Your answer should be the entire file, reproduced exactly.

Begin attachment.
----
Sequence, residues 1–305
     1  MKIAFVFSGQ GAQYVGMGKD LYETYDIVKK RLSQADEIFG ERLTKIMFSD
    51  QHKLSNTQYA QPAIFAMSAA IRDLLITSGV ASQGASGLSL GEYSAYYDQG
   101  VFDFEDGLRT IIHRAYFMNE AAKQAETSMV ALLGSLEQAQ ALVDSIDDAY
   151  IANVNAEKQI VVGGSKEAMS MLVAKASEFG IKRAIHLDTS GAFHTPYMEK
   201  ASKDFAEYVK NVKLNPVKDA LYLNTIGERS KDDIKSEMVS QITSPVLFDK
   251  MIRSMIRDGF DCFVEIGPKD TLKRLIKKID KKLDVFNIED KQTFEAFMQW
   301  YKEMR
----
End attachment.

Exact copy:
Sequence, residues 1–305
     1  MKIAFVFSGQ GAQYVGMGKD LYETYDIVKK RLSQADEIFG ERLTKIMFSD
    51  QHKLSNTQYA QPAIFAMSAA IRDLLITSGV ASQGASGLSL GEYSAYYDQG
   101  VFDFEDGLRT IIHRAYFMNE AAKQAETSMV ALLGSLEQAQ ALVDSIDDAY
   151  IANVNAEKQI VVGGSKEAMS MLVAKASEFG IKRAIHLDTS GAFHTPYMEK
   201  ASKDFAEYVK NVKLNPVKDA LYLNTIGERS KDDIKSEMVS QITSPVLFDK
   251  MIRSMIRDGF DCFVEIGPKD TLKRLIKKID KKLDVFNIED KQTFEAFMQW
   301  YKEMR